In 1948, before the Internet, the Kinsey Report revealed an occurrence of less than 1% ED in men under 30. Today, we have an epidemic of erectile dysfunction sweeping the planet. Some studies, such as a 2012 Swiss study of young men, a US military study, and a longitudinal Canadian study are finding that the rates of ED are above 30%. You might say that correlation doesn’t equal causation – and you would be correct. However, there are now multiple case studies documenting a variable change – ceasing using pornography – to the reversal of sexual side effects, such as a 2016 review of clinical reports published by the Journal of Behavioral Science.

Furthermore, the best proof is in the overwhelming anecdotal evidence which is abundantly available online as millions of young people, for the first time in human history, are growing up and going through puberty while using Internet pornography. They often are wiring their brains to pixels on a screen, rather than human beings, before they even have their first kiss.

Adolescents are often gaining access to hardcore porn before they’ve been on a date or had a first kiss.

Many thousands of people, most often young men in their teens and twenties, but increasingly people of all ages and even women too, are gathering in Internet comments sections, social media groups, and websites, all over the world, to remove one thing from their lives – using porn – and are going on to reduce or reverse their sexual dysfunctions such as ED, improve their relationships, and live more productive and fulfilling lives. Most of these people aren’t quitting porn for some sort of moral or religious reason, but they’re simply in pursuit of self improvement and better lives.

Today’s Internet pornography is nothing like what we’ve ever seen before in human history. What was once a somewhat limited resource – access to sex – is now available in abundance. You used to need to put in actual work to have a partnered orgasm – at the very least some form of courtship. Now pseudo-partnered orgasms are available with your hand and limitless pixelated performers on your screen. We can see more naked human beings and sex acts in one long porn binge session than many of our ancestors would see in their entire lifetimes. Today’s Internet pornography is unlike the pornography of our ancestors. Pope Francis heralds this “The spread of printed pornography in the past was a relatively small phenomenon compared to the proliferation of pornography on the net.” Today, digital pornography is available anywhere, at any time, and in unlimited amounts, and is far more graphic and stimulating to the brain than any printed porn could ever be.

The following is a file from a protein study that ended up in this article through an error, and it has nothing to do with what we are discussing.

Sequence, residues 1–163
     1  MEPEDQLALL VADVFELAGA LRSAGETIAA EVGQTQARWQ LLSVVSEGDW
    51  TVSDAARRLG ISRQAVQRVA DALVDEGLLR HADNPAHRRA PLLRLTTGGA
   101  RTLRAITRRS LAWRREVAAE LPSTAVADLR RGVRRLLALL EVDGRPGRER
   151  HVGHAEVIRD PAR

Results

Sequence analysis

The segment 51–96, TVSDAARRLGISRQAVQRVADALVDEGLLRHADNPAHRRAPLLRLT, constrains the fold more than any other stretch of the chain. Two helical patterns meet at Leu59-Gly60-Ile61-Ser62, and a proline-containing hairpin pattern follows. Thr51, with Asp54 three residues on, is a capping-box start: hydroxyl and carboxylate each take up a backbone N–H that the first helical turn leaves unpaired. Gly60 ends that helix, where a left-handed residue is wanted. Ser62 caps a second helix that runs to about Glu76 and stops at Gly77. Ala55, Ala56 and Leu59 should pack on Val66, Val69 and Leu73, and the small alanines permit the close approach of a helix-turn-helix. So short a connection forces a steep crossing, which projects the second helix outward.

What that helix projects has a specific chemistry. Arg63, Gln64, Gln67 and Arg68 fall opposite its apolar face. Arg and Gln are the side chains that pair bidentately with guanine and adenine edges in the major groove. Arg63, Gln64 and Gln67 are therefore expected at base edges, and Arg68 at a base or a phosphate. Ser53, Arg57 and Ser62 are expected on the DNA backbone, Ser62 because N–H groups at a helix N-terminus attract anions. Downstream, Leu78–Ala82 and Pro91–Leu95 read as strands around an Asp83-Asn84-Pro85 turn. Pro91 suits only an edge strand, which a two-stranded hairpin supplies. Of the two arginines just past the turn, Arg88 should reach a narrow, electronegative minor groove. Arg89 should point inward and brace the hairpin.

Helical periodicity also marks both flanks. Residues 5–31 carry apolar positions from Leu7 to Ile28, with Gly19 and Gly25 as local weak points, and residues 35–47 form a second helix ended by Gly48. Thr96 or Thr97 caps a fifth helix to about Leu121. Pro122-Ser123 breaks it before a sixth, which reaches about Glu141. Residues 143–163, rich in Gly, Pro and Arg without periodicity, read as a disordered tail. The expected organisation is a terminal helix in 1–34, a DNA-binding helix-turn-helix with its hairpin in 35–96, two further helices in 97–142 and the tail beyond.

Unlike the late Hugh Hefner’s Playboy magazine empire, today’s porn is often available for free and you don’t need to stash your collection underneath your bed. Through the lens of millions of years of human evolution, this is an unprecedented and drastic change to our sexual lifestyles, and it makes sense to take pause and consider how this is impacting us.

The science on pornography is very clear. This doesn’t need to be an argument about morality, but a discussion about how porn is negatively impacting sex, relationships, and lives around the world. There are now over 35 neurological studies demonstrating that Internet pornography consumption is a real problem. Some of them even show brain changes, such as hypofrontality or sensitization, consistent with the addiction model. For example, Cambridge University brain scan studies found that heavy porn users are sensitized to porn cues similarly to how drug addicts are sensitized to drug cues. Additionally, there are reviews of the literature that confirm these findings as well as thoroughly debunking the minority of studies critical to the existence of porn-related problems. There are currently over 50 published studies that link porn use to decreased sexual satisfaction, relationship issues, and an array of negative effects that impact romantic relationships.